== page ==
Their main out-half Nick Evans is 35 with the skilled Ben Botica second choice and the unexposed Tim Swiel third.

"It's very disappointing that they're not in The Champions Cup this year.

"But, I've no doubt they will bonus straight back with their finish in The Premiership at the end of the season.

"You've got an Irish coach there, who plays a very expansive style.

"You've got world-class forwards and backs. You'vegot the English captain. You've got Danny Care, a quality nine, the likes of Mike Brown, a tried and tested international.

"They've got real quality there."

Madigan has always shown loyalty to Leinster even when he was second choice behind Jimmy Gopperth during Matt O'Connor's reign.

He never broke ranks and screamed from the roof-tops about how he had paid his dues in behind Jonathan Sexton.

It was suppose to be his time. Then along came O'Connor and Gopperth.

Madigan is willing to contest for game time in another Irish province with Munster mooted as the most likely destination.

"I think you'd be naïve to rule it out," he added.

"The IRFU probably want to keep as many players in Ireland as possible.

"If you are within Ireland you are giving yourself the best possible chance to be picked for the national team.

"You've got Joe Schmidt guaranteed to stay on as Irish coach.

"We've had brilliant success in the last few years winning two Six Nations.

"It would be very hard to turn your back on that.


"The further you move away the further you're hampering your chances of being selected for your country."

The presence of Paddy Jackson at Ulster and the lingering perception of Connacht as a 'possible' Champions Cup qualifier point towards a more attractive head-to-head-to-head with Ian Keatley and Tyler Belyendaal at Munster.

The overriding impression is of a man on a mission to find the best possible place for him to play and win regularly.

For all of that, Leinster remains his club, the one for which grew up wanting to play.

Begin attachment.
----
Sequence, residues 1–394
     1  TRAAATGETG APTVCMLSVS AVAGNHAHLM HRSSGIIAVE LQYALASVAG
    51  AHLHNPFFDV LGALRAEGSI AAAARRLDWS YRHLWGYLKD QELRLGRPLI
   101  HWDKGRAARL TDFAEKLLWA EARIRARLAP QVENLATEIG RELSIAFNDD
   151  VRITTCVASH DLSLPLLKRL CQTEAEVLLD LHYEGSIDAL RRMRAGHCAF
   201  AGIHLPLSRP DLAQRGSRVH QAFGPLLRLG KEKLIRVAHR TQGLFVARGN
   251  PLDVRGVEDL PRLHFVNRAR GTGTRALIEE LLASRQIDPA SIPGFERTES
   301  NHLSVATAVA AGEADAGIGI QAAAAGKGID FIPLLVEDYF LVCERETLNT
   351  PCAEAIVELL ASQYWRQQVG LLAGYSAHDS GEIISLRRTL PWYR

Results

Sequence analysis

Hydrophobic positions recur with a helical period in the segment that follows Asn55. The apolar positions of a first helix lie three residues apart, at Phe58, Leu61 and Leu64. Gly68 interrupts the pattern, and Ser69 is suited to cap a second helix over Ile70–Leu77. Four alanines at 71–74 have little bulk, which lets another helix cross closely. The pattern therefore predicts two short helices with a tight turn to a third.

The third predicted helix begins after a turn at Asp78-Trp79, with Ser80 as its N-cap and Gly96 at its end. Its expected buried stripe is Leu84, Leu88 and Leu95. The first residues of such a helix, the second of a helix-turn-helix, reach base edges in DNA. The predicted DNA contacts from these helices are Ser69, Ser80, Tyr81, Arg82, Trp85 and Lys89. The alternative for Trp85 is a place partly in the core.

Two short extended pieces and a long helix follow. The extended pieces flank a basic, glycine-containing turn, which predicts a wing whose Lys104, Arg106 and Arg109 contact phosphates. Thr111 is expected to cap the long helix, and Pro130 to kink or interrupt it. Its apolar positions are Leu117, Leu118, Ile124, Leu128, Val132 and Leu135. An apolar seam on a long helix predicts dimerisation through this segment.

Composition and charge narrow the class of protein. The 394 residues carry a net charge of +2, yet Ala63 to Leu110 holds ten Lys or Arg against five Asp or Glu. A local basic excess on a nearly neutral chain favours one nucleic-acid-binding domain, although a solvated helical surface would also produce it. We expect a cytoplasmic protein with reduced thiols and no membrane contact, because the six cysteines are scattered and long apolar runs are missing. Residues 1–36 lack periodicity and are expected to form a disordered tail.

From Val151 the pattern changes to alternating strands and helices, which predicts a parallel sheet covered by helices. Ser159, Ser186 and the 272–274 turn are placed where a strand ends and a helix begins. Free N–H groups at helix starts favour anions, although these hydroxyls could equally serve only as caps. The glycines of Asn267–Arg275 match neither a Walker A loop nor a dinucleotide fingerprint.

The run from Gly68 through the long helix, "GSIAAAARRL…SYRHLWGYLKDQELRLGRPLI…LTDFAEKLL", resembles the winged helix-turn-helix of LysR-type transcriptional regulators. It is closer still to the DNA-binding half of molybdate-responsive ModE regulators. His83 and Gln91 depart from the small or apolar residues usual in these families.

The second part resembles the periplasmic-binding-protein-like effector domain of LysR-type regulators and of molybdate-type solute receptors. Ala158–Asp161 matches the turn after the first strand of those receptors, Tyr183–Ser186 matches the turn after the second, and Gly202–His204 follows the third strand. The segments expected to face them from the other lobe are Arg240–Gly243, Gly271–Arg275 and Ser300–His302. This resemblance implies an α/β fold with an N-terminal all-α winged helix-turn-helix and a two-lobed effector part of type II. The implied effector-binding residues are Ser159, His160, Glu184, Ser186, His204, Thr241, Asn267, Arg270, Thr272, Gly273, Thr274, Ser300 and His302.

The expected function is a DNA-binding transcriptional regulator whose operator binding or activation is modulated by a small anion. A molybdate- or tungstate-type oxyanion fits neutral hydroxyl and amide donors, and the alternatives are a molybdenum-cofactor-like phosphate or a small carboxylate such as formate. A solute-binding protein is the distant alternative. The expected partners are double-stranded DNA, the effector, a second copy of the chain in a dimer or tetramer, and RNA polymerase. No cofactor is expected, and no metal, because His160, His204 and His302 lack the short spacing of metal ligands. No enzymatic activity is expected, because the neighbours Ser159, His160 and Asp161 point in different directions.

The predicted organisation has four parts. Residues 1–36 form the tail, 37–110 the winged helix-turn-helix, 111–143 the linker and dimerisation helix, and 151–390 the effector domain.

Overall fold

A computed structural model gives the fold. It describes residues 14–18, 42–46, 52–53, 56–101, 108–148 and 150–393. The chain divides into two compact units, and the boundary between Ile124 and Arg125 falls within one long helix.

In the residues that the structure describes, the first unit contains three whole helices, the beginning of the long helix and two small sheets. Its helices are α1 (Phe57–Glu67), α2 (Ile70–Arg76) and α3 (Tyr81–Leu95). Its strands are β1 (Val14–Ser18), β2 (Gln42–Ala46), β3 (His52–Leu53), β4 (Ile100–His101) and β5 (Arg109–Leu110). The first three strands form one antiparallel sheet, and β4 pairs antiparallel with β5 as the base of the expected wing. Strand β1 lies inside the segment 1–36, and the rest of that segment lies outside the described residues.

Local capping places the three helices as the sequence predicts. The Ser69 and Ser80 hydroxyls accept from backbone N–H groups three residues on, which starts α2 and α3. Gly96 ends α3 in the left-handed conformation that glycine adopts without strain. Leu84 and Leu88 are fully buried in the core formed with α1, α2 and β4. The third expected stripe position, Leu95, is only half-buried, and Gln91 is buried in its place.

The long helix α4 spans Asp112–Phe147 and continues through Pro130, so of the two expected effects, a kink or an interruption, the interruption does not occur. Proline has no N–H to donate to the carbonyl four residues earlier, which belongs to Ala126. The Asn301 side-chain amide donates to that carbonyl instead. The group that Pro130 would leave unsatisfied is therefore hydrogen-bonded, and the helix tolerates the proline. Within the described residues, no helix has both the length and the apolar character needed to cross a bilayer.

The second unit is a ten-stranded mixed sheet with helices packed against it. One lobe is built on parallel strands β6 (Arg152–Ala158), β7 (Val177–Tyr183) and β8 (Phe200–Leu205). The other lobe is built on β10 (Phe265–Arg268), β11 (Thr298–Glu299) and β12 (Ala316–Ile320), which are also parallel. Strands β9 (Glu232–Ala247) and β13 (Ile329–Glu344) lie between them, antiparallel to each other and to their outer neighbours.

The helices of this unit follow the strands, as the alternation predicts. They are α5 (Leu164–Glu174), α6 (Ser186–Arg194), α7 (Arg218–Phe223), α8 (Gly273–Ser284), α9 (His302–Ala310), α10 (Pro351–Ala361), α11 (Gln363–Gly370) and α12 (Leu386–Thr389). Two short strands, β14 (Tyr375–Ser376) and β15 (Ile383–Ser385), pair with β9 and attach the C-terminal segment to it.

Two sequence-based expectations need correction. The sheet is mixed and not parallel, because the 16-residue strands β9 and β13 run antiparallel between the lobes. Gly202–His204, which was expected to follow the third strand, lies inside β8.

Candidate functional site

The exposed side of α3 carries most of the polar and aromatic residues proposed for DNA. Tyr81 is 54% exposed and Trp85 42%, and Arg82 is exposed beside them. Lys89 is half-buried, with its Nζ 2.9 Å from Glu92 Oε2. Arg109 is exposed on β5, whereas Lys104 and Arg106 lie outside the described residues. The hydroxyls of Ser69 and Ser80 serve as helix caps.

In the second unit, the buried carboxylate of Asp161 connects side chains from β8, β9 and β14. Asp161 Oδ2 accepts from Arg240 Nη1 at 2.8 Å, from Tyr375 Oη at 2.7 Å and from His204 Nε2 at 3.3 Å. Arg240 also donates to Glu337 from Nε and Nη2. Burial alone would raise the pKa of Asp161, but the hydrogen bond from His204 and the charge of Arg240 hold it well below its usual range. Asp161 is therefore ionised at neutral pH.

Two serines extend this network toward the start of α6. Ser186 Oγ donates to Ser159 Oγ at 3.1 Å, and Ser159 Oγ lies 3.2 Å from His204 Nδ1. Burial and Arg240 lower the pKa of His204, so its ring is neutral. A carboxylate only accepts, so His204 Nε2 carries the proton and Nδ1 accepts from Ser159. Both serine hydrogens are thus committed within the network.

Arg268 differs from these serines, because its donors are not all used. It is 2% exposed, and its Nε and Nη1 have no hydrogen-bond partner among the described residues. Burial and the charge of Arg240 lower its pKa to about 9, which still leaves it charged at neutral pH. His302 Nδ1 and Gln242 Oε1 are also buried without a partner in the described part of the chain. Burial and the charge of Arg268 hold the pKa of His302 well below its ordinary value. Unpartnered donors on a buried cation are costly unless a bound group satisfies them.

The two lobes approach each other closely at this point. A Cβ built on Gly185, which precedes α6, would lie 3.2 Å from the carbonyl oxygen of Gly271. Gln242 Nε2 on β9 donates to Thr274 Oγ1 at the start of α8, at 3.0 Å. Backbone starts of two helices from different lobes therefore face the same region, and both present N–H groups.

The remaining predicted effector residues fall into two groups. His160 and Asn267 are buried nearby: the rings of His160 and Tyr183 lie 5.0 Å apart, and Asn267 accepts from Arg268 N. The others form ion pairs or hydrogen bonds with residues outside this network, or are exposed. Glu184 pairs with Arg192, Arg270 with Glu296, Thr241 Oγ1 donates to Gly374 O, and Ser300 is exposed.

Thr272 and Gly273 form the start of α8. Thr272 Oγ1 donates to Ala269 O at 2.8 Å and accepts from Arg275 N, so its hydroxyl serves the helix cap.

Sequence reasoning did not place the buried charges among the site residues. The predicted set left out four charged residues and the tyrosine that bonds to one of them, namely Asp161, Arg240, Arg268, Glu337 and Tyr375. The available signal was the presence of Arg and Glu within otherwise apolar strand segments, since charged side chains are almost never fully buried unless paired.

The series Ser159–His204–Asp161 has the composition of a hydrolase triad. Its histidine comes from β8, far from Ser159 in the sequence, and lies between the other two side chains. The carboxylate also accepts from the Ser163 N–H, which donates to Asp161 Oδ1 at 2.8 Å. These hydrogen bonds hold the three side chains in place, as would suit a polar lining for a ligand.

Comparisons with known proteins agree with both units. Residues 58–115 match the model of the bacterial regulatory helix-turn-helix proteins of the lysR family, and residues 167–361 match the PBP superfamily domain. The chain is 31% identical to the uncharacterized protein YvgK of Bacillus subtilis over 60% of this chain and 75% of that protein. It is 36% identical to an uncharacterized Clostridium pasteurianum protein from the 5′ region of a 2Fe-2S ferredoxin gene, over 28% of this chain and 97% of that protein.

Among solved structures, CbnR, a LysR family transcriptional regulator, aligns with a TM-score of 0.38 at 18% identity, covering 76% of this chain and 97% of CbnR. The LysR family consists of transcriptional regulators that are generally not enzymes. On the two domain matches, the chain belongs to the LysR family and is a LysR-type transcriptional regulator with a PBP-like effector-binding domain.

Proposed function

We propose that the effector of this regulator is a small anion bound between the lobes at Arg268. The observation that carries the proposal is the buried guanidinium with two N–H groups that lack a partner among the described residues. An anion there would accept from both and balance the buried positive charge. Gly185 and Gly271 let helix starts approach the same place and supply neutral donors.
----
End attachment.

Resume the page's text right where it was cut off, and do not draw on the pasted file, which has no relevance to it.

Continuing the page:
The return of Sexton has left him in the same situation before he was in just over two seasons ago. But, these are changed times.

"It's very different to three years ago. Times do change," he acknowledged

"I'm only 26. I'm still looking to developing as a player and that's something that I'm always thinking, can I keep growing at Leinster?

"Certainly, there's brilliant coaches there. We're still attracting the best players in the world with the likes of Johnny coming back, Isa coming back.

"That' plays a huge part in it."

The balance of probabilities make Madigan unlikely to convince coach Leo Cullen he can move ahead of a fit and firing Sexton.

But, Ireland's out-half is not fully firing at present.

"It can be a short or a long process," he said.

"The process I went through with my last contract wasn't particularly long. Johnny had left. I was trying to get the starting No10 shirt. It was a no-brainer for me to stay.

"Times have changed now, Johnny's come back on a long-term deal.

"It's a process you go through, if you find the right fit and it all adds up it can be done quite quickly.

"If you don't, it can drag on. I'll be hoping that it won't be thrashed out through the media and will be done behind closed doors."